Pediatric Dental Services
Starting your children early in their lives with good oral hygiene can help prevent the most common chronic childhood disease in America which is tooth decay. We welcome your child by age 1 or when their first tooth erupts for a “happy visit.” At this visit we lay them back in the chair or allow the child to sit in a parents lap and count their primary teeth and possibly try to polish if they let us. We answer all parents questions concerning their child and before they leave we let them pick a prize out of our treasure chest. We are trying to build a rapport with them and get them comfortable with us so they will know what to expect in future visits.
Primary, or “baby” teeth, are important for many reasons. Not only do they help children speak clearly and chew naturally, they also aid in forming a path that permanent teeth can follow when they are ready to erupt. If a primary tooth is lost prematurely then a space maintainer would be needed to hold the natural space open for permanent teeth to erupt. Without a maintainer, the teeth can tilt toward the empty space and cause permanent teeth to come in crooked or not come in at all. When a child starts to get there first tooth, usually around 6 months, it is important to start keeping them clean with either a soft toothbrush or wet cloth. Tooth decay in infants can be minimized or totally prevented by not allowing sleeping infants to breast or bottle-feed. Infants that need a bottle to comfortably fall asleep should be given a water-filled bottle or a pacifier. Another way to prevent decay is to see if your water is fluoridated and if it isn’t then we need to discuss supplementing fluoride. We also recommend sealants, usually on permanent teeth, around the age 6 to protect the grooves of the teeth from food particles getting stuck in them and causing cavities.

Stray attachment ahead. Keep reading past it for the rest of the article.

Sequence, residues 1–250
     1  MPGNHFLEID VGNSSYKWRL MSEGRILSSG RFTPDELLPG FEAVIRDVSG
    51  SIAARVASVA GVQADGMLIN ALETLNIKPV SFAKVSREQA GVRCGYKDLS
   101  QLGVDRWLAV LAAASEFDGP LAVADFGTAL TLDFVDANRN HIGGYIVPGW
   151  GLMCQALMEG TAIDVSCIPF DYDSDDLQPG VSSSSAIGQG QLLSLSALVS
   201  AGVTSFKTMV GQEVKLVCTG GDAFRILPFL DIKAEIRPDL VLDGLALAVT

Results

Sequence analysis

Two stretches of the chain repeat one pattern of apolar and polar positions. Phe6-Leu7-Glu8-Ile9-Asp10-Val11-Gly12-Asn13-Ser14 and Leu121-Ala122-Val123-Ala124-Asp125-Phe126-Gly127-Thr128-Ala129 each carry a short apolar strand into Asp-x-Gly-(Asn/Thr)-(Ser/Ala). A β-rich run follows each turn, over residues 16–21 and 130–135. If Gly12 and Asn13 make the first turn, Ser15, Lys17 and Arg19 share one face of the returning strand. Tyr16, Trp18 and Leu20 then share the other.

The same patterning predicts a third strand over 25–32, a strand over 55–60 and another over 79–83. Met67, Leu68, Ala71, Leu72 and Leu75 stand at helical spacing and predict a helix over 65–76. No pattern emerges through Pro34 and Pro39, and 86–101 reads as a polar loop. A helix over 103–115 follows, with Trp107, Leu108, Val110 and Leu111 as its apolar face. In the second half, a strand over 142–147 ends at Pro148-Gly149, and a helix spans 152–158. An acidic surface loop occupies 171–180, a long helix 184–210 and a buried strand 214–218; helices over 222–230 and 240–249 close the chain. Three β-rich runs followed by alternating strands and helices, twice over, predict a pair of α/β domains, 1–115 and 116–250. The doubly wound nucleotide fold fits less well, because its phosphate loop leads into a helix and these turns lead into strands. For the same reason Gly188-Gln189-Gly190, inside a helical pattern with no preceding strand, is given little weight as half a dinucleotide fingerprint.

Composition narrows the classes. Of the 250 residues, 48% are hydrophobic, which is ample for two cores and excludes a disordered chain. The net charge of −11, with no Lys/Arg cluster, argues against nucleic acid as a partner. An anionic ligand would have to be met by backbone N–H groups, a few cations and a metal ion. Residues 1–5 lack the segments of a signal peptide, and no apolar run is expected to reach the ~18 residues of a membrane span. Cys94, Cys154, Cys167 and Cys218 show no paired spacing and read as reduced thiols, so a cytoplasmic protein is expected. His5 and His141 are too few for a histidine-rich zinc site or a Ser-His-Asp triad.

What to do if you knock out a tooth?
What to do if you knock out a tooth? If it is a baby tooth, do not reinsert the tooth and call us. If it is a permanent tooth, hold the tooth by the crown (not the root), rinse lightly with water only (DO NOT SCRUB) and reinsert the tooth in the socket. If it cannot be reinserted, put the tooth in cold milk, saliva or water and call us immediately.